This week (June 22 – 28, 2020) is National Pollinator Week to honor the tiny creatures that help produce our food and power the eco system.

Throughout the spring and summertime in Florida we see these creatures hard at work. Bees zip from flower to flower collecting the perfect pollen for honey. Butterflies flutter around for a tasty snack. Hummingbirds, beetles, ants and bats dine on the vast array of luscious flowers.

All of these animals play a part in creating new plants by moving the pollen from the anther to the stigma which is the first step in creating new seeds. Their work accounts for more than $200 billion dollars a year in ecological services.

Over the years flowers have matured to attract the optimal pollinator. The sweet smelling red, orange and purple flowers attract the butterflies while the white and green flowers which smell slightly rotten attract flies and beetles.

A majority of the foods we consume on a daily basis need a pollinator. The coffee you drink in the morning, the spices you add to an omelet, and the veggies you munch on for lunch are just a few of the plants that need our hard working friends. In fact, more than 80% of all the world’s flowering plants need a pollinator to reproduce.

These creatures also help power the ecosystem by feeding more than 80% of birds in the U.S. and fueling some amphibians, reptiles and mammals. By fostering plant populations, pollinators also help keep soil healthy and water clean. Their hard work in ecological services is estimated at a value of $200 billion each year.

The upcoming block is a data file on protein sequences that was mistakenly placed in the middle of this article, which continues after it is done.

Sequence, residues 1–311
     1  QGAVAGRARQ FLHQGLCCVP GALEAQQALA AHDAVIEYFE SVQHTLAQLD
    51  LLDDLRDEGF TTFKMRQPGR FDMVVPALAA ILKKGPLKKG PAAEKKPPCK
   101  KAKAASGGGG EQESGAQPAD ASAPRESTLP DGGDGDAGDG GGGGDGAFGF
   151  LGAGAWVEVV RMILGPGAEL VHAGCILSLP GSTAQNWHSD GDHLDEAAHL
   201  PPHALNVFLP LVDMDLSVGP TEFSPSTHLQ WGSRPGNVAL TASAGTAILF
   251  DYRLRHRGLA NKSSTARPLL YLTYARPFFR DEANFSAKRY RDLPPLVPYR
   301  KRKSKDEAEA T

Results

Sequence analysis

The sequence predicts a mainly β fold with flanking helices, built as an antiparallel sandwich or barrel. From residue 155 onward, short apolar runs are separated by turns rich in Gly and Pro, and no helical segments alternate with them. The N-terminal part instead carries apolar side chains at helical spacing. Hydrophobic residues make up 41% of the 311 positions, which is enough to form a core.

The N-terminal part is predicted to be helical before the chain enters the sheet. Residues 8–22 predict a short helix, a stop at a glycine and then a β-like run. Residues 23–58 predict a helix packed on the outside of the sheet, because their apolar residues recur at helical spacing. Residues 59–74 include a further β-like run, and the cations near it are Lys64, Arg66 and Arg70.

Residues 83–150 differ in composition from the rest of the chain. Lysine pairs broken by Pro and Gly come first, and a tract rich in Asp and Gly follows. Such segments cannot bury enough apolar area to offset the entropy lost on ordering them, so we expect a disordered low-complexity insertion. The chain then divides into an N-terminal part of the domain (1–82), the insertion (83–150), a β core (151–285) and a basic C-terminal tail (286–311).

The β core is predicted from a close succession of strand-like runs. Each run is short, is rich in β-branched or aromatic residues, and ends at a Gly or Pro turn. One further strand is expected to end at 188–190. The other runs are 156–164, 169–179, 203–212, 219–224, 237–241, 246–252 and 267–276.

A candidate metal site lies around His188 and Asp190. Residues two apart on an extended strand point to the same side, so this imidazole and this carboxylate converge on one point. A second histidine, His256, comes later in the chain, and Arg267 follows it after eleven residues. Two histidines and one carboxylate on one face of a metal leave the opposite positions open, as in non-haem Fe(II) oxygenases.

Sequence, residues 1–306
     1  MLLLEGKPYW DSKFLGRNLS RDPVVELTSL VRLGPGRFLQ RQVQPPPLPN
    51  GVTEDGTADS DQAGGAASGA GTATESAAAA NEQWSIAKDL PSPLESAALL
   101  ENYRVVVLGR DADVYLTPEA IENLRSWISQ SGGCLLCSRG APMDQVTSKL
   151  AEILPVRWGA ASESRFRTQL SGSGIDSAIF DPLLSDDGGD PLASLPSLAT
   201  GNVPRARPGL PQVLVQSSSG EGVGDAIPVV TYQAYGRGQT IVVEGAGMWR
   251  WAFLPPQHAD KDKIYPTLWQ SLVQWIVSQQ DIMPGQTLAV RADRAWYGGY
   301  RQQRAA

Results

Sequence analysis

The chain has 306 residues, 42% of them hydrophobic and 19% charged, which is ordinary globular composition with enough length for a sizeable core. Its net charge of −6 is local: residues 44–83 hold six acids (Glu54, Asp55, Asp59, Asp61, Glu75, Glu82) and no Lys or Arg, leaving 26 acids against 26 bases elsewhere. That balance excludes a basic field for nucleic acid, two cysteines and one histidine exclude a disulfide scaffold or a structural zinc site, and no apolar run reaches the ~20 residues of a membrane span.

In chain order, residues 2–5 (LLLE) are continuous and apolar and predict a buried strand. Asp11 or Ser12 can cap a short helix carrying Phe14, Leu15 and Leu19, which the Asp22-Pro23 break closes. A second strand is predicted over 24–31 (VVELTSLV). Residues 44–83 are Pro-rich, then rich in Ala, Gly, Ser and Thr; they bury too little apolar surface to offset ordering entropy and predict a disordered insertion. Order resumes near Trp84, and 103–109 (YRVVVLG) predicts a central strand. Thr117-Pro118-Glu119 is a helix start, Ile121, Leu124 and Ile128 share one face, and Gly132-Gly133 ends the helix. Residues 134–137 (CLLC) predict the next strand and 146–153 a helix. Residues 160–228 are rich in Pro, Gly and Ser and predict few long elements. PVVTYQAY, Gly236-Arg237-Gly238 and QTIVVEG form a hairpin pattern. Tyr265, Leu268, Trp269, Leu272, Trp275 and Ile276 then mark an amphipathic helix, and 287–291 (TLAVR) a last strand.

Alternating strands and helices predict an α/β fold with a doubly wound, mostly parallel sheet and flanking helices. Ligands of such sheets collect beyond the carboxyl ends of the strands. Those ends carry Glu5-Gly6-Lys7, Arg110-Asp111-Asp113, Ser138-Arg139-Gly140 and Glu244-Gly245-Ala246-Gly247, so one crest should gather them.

Unfortunately their populations are dwindling as their food and habitats disappear. The more than 4,000 bee species in North America have decreased alarmingly like other pollinator populations. The monarch butterfly which had a population of one billion 25 years ago has dropped to just 34 million due to a decrease in native milkweed plants.

Thankfully, private landowners are beginning to implement sustainable agricultural practices and protect our pollinators.

One practice discovered at Montana State University found that pastures undergoing rest-rotation grazing provide a better habitat than pastures without livestock.

The USDA offers dozens of conservation activities through the 2018 Farm Bill that benefit both pollinators and producers by creating healthy, profitable crops and environments.

We are all in this together, one step at a time we can save the planet and its inhabitants, and make a Positive Difference in our world.